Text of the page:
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How 529 Plans Work


Benefit: Income Eligibility
Wouldn't you like to put every available penny toward your child's college education? 529 plans don't limit income eligibility or account contributions.
Wouldn't you like to put every available penny toward your child's college education? 529 plans don't limit income eligibility or account contributions.
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As we mentioned on the last page, custodial accounts (also known as Education Savings Accounts or ESAs) are a bit more rigidly structured than most 529 accounts. Here's one major example: Did you know you can't contribute to an ESA if you make more than $95,000 per year ($190,000 for married couples, as of 2012 [source: SavingForCollege.com]? Unlike ESAs, your income doesn't affect your eligibility to open a 529 account. In addition, most states don't limit contributions either, which is crucial for those who want to pass money to their children or grandchildren for school.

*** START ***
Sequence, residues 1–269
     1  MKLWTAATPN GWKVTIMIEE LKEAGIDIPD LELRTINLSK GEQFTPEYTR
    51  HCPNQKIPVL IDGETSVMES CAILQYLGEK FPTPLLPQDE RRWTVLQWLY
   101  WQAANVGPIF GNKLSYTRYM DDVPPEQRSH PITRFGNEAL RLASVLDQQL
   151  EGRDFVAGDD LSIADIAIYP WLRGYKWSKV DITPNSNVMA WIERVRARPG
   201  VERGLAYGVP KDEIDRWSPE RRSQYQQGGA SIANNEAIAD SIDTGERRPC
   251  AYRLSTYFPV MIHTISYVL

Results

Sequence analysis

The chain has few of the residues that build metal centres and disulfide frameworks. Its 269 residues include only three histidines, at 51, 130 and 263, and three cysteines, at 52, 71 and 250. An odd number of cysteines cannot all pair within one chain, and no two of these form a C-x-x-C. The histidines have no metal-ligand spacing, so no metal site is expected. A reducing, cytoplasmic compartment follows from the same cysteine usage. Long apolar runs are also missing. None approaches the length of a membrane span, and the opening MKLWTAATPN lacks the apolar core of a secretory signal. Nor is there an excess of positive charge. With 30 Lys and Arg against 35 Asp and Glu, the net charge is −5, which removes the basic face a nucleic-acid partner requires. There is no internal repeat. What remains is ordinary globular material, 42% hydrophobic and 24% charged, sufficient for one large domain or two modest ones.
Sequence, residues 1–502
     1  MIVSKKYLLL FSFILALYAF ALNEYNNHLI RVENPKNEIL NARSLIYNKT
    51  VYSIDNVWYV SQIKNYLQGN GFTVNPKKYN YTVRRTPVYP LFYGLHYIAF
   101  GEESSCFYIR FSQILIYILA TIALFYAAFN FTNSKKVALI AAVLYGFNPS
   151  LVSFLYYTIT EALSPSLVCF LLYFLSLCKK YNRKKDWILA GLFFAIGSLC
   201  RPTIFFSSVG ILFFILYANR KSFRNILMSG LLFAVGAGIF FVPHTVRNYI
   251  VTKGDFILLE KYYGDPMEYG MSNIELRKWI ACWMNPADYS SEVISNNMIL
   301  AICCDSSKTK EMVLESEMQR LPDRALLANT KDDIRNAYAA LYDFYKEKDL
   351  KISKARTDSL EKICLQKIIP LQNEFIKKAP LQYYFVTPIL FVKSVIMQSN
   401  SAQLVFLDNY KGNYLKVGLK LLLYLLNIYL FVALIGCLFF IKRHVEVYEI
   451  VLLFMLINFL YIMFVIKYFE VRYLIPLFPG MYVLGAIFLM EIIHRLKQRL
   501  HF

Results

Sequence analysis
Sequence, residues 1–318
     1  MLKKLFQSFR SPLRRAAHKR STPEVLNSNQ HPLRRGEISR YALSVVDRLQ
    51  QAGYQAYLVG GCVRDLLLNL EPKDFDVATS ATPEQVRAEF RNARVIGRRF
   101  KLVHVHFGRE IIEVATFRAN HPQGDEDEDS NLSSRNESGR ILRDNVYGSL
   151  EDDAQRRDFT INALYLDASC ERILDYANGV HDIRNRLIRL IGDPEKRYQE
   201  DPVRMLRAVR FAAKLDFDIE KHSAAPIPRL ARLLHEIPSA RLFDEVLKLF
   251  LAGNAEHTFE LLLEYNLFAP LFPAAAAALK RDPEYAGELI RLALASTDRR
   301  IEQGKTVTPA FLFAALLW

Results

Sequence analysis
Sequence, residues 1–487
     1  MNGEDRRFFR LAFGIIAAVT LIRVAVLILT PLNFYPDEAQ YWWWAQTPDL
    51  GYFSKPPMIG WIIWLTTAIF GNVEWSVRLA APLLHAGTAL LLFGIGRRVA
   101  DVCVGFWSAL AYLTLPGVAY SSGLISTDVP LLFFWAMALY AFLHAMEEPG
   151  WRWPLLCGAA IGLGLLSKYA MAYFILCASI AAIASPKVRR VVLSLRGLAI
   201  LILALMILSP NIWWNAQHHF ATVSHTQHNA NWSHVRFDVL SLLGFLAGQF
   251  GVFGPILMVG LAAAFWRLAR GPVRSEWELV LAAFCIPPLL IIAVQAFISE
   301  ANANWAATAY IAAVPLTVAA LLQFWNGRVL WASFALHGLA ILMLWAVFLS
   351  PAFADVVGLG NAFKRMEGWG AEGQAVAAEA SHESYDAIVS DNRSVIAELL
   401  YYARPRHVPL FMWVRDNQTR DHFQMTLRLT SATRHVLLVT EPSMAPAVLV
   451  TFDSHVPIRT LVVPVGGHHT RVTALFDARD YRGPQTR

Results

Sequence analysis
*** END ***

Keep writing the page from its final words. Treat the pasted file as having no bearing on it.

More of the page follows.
Contributions to 529 plans also qualify for the $14,000 ($28,000 for married couples in 2013) annual gift tax exclusion [source: Securities and Exchange Commission]. You can also contribute up to five years of gifts during the first year. This is a great benefit in situations where inheritance money enters the picture.

The contribution limits (the maximum you can put into the account) are very generous in most states, typically above $200,000. At the other end of the spectrum, you can contribute as little as $25 to $50 per month.